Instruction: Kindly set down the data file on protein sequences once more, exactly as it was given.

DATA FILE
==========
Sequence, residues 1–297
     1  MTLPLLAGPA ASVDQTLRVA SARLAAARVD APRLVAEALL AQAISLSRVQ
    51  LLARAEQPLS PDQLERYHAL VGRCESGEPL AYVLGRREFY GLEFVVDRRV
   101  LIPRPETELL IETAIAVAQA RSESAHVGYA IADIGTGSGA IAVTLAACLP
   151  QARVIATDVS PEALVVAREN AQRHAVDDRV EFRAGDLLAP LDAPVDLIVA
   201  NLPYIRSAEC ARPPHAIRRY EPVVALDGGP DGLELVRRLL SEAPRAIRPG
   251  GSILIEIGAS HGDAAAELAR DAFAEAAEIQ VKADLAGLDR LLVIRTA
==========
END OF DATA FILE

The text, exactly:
Sequence, residues 1–297
     1  MTLPLLAGPA ASVDQTLRVA SARLAAARVD APRLVAEALL AQAISLSRVQ
    51  LLARAEQPLS PDQLERYHAL VGRCESGEPL AYVLGRREFY GLEFVVDRRV
   101  LIPRPETELL IETAIAVAQA RSESAHVGYA IADIGTGSGA IAVTLAACLP
   151  QARVIATDVS PEALVVAREN AQRHAVDDRV EFRAGDLLAP LDAPVDLIVA
   201  NLPYIRSAEC ARPPHAIRRY EPVVALDGGP DGLELVRRLL SEAPRAIRPG
   251  GSILIEIGAS HGDAAAELAR DAFAEAAEIQ VKADLAGLDR LLVIRTA